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Modeling Freeway Crashes Using Lane-Specific Artificial Traffic Data

Abstract: At the event level, the prevailing traffic conditions under which a crash takes place are one of the major contributors. Using real-time traffic data just prior to a crash helps to better understand crash causes associated with traffic speed, volume and density; and supports informed decision-making on effective traffic operational strategies for improving safety. Travel conditions can shift rapidly, and the traffic that a vehicle experienced immediately prior to or at the time of a crash is more relevant than earlier or later traffic conditions. Inductive loop detectors data have been a popular source for real-time traffic data in previous real time crash prediction studies. However, many studies did not consider the traffic conditions occurring right before a crash (e.g. 0-5 minutes), citing that preventative actions may take extra time to identify, notify and activate the prevention system. Instead, traffic data from earlier time periods (e.g. 5-10 minutes) were used in these studies. Moreover, the loop detector spacing can vary substantially from site to site, resulting in a lack of spatial consistency. The loop detector location may affect the estimation of traffic flow at crash locations by producing inconsistently biased traffic data. The discrepancies in the spatial-tempo domain mean that crash prediction models developed with traffic data collected directly from loop detector stations may be inadequate. Such data issues may severely undermine the prediction power of crash models. The objective of this study is to develop a real-time crash prediction models (RTCPM) using artificial traffic data generated from macroscopic traffic simulation. The approach would identify crash-prone conditions with higher accuracy by accounting for the tempo-spatial issue of loop detector data. First, a macroscopic traffic simulation model, a lane-specific cell transmission model (LSCTM), is proposed to instrument a corridor of highway with virtual detector stations on each lane and measure traffic data where physical stations were not available. The lane-specific model would improve the simulation accuracy by accounting for different traffic characteristics across lanes and lane-change activities between lanes compared with traditional CTMs which do not differentiate lanes. Then a RTCPM will be developed using lane-specific simulated traffic data. The lane-specific RTCPM model will be compared with models developed from field loop detector data to evaluate its performance.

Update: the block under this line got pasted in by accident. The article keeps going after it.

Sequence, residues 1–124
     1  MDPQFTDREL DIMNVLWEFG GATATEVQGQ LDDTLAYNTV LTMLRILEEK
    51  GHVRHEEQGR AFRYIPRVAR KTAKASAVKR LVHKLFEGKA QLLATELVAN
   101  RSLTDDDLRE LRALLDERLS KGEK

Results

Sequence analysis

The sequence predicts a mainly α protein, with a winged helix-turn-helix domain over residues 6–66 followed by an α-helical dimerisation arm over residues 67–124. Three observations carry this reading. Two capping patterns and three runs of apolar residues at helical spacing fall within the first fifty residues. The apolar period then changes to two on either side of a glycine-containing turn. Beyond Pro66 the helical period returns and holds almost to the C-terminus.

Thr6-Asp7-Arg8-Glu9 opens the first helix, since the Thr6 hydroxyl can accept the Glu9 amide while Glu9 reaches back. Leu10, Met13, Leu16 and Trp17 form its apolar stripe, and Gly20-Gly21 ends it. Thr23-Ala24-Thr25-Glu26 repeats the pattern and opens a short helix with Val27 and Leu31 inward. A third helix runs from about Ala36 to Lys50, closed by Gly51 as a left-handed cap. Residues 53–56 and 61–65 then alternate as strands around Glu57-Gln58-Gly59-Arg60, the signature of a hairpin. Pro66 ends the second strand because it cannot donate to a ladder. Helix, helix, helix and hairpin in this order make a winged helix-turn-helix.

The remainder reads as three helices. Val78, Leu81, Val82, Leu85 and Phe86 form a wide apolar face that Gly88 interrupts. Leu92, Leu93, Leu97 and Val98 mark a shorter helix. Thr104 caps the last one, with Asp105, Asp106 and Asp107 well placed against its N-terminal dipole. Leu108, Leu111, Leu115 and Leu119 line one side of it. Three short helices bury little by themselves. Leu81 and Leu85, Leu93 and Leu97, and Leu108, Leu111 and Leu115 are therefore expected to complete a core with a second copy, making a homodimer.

Zhi Chen - is currently a research assistant in the Department of Civil & Environmental Engineering of the University of Wisconsin-Milwaukee. Mr. Chen has solid knowledge of statistics, data mining, machine learning, transportation engineering and transportation planning. Mr. Chen has authored and co-authored 5 journal papers and 4 conference papers. The focuses include the calibration of the Highway Safety Manual predictive methods, the model development for predicting freeway crashes using loop detector data, and the development of novel crash prediction model. Mr. Chen has also worked as a key researcher in several projects including evaluating local and tribal rural road design, calibrating the Highway Safety Manual predictive methods for rural roadway segments and intersections, and developing faulty loop detection tools.



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